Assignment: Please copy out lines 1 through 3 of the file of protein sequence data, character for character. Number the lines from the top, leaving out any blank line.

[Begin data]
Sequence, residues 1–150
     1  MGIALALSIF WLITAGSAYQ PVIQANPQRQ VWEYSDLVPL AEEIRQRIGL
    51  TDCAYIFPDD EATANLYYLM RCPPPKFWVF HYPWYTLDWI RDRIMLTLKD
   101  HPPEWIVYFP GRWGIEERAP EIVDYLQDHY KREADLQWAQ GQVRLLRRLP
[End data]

Sequence, residues 1–150
     1  MGIALALSIF WLITAGSAYQ PVIQANPQRQ VWEYSDLVPL AEEIRQRIGL
    51  TDCAYIFPDD EATANLYYLM RCPPPKFWVF HYPWYTLDWI RDRIMLTLKD